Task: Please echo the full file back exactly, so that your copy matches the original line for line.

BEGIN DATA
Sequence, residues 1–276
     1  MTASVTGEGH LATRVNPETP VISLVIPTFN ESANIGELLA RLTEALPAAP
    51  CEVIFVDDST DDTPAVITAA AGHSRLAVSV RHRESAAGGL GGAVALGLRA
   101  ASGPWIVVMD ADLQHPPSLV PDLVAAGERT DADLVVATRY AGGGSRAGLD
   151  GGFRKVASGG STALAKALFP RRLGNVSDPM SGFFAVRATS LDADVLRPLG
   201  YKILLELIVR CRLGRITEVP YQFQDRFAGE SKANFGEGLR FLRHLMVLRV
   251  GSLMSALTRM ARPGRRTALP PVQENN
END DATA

Sequence, residues 1–276
     1  MTASVTGEGH LATRVNPETP VISLVIPTFN ESANIGELLA RLTEALPAAP
    51  CEVIFVDDST DDTPAVITAA AGHSRLAVSV RHRESAAGGL GGAVALGLRA
   101  ASGPWIVVMD ADLQHPPSLV PDLVAAGERT DADLVVATRY AGGGSRAGLD
   151  GGFRKVASGG STALAKALFP RRLGNVSDPM SGFFAVRATS LDADVLRPLG
   201  YKILLELIVR CRLGRITEVP YQFQDRFAGE SKANFGEGLR FLRHLMVLRV
   251  GSLMSALTRM ARPGRRTALP PVQENN